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.NET Framework API. (Only) APIs. We try to use the other APIs only if you are.In November, Oregonians filed more than 11 million voter-registration applications; that’s a 50 percent increase over the year before. And unlike last year, early registrations don’t seem to be coming mostly from the 22 percent of Oregonians who are unaffiliated with any religion; in the same week that local news reported that a Mormon missionary is leading early registration efforts, a top Oregonian official, facing questions about the massive growth in registrations, said the “only religious group” that he had heard about since the start of the year was evangelical Christians.
That official, Oregon Secretary of State Kate Brown, was wrong.
Since the launch of Early Voices Oregon, observers have noted that the number of evangelicals making new voter registrations has surged as Mormon missionaries have joined the effort. In six weeks, Oregon’s Mormon diaspora has made a big difference.
An analysis of data by the Voter Project, an Election Data Services nonprofit, found that in the week beginning Oct. 4, when Early Voices Oregon launched, Oregonians created some 8,800 voter registrations; almost all of them were for evangelicals. In that same week last year, Oregonians created 5,600 voter registrations; fewer than half (2,200) were for evangelicals. When the group crunched data through this week, Oregonians had registered 11,000 new voters. More than half (51 percent) were evangelicals; in that same week of 2012, evangelical voters created only 4,700 new voter registrations.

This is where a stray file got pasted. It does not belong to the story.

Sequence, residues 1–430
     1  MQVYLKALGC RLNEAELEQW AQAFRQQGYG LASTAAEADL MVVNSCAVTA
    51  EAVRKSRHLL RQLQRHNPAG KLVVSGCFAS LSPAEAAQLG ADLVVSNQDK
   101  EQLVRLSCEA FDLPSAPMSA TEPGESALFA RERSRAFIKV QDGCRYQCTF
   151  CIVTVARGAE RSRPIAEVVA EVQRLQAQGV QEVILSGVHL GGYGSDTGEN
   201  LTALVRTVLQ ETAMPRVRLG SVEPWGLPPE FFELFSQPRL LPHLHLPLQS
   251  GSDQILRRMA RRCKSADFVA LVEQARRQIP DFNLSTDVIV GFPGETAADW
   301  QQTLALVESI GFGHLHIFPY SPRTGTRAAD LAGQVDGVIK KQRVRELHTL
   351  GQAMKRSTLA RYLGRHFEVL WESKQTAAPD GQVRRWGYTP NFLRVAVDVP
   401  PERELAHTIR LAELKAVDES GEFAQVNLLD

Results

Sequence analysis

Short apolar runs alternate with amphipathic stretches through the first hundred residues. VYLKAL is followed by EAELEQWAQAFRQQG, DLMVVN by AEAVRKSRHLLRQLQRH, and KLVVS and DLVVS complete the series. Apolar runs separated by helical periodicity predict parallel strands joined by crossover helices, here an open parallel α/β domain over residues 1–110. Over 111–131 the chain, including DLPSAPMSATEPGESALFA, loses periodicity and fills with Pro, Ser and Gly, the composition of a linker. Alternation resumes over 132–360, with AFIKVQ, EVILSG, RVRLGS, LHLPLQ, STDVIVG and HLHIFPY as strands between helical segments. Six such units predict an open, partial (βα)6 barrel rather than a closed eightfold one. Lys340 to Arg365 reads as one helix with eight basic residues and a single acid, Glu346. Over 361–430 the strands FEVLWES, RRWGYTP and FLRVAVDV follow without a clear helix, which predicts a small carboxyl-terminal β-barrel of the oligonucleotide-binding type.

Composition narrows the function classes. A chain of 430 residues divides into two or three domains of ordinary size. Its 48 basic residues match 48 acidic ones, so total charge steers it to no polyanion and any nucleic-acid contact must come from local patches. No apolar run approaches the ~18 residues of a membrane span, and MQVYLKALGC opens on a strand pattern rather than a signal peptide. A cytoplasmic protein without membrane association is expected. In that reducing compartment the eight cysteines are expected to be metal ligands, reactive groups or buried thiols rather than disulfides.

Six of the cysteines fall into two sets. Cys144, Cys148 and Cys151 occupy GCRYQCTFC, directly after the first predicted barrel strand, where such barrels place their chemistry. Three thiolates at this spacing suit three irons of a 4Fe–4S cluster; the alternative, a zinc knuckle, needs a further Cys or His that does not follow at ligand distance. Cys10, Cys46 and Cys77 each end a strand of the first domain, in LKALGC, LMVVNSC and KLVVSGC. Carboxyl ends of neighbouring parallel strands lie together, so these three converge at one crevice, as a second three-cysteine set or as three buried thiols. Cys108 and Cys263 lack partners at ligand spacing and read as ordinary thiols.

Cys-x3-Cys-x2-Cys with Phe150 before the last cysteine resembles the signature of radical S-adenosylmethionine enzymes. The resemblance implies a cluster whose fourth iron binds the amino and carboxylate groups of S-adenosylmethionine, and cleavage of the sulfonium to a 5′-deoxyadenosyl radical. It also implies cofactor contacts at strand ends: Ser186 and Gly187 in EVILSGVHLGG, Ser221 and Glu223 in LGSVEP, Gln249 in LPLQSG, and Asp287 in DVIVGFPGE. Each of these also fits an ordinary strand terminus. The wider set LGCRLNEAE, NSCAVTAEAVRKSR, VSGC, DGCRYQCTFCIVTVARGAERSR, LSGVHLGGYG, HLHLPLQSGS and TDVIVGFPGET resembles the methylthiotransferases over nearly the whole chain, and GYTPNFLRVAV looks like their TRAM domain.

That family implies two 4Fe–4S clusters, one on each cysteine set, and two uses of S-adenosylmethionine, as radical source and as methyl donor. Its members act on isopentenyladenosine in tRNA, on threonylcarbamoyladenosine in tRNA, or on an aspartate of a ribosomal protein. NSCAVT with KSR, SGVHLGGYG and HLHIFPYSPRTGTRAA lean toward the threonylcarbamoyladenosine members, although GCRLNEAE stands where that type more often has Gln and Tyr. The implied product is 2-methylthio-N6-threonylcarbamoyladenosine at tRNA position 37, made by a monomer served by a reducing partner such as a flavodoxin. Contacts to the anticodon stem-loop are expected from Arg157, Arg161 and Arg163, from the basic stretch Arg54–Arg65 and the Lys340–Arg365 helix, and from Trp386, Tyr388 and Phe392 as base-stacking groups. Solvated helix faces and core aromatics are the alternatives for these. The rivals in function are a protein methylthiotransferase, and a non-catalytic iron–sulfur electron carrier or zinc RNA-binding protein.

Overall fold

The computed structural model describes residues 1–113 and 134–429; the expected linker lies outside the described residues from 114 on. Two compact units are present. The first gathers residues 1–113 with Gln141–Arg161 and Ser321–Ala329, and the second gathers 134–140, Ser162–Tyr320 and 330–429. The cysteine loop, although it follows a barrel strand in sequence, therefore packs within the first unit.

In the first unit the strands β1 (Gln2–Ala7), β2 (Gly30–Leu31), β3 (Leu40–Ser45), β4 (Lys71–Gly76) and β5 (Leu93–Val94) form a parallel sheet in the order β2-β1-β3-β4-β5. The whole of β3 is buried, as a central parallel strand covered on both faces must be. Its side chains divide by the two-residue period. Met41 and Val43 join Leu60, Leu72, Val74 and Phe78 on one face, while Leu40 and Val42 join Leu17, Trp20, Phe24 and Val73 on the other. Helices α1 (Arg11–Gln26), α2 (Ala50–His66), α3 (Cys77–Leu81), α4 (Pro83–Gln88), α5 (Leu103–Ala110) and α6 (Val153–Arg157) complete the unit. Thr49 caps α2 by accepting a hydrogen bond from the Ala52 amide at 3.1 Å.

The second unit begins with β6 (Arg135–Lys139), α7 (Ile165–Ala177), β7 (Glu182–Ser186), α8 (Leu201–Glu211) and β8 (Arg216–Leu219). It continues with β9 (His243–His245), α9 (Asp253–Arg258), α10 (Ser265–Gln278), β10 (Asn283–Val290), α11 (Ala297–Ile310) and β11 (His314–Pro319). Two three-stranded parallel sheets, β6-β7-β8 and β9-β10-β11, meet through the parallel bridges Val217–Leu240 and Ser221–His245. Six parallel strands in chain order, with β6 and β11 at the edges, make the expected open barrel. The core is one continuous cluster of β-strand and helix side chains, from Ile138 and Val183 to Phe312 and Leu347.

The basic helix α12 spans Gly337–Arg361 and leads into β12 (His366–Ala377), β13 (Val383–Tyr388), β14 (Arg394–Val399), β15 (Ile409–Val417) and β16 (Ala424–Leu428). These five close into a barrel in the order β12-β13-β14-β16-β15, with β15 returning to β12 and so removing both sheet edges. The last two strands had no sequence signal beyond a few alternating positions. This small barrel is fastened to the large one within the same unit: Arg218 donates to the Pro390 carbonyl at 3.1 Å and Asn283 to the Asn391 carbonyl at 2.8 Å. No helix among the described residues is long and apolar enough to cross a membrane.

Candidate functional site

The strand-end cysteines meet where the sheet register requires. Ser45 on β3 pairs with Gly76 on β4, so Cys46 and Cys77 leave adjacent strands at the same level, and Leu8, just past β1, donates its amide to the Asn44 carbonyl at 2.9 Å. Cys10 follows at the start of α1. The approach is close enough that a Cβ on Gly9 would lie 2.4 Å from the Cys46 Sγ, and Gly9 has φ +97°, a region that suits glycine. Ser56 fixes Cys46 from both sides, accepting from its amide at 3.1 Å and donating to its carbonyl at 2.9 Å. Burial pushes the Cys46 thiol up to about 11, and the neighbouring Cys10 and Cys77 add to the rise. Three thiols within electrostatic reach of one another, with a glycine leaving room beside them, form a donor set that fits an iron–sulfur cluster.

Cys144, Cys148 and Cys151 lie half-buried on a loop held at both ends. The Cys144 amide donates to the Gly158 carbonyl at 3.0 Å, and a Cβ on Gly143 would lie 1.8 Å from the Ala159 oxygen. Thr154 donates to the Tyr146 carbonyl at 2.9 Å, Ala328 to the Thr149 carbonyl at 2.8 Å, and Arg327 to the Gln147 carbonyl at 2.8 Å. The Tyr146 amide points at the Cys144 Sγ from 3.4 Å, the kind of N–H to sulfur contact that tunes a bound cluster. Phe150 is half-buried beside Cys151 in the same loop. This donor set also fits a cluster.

While the Mormon missionaries are registering voters, they aren’t the only ones, and their activities are definitely not the only reason, for the boom in early registrations. But they certainly are making an impression. These enrollment numbers are based on Washington County (57 percent of the state’s registrations) and are for the week of Oct. 4 to Oct. 11; the average in the state’s other four largest counties was about half that number.
In Multnomah County (with more than half a million registered voters), Oregonians created 1,370 registrations in the six-week window; nearly all (98 percent) were for evangelicals; the rest were split between liberal Democrats, conservative Republicans and liberal-leaning independents. In a larger comparison, the Voter Project’s analysis of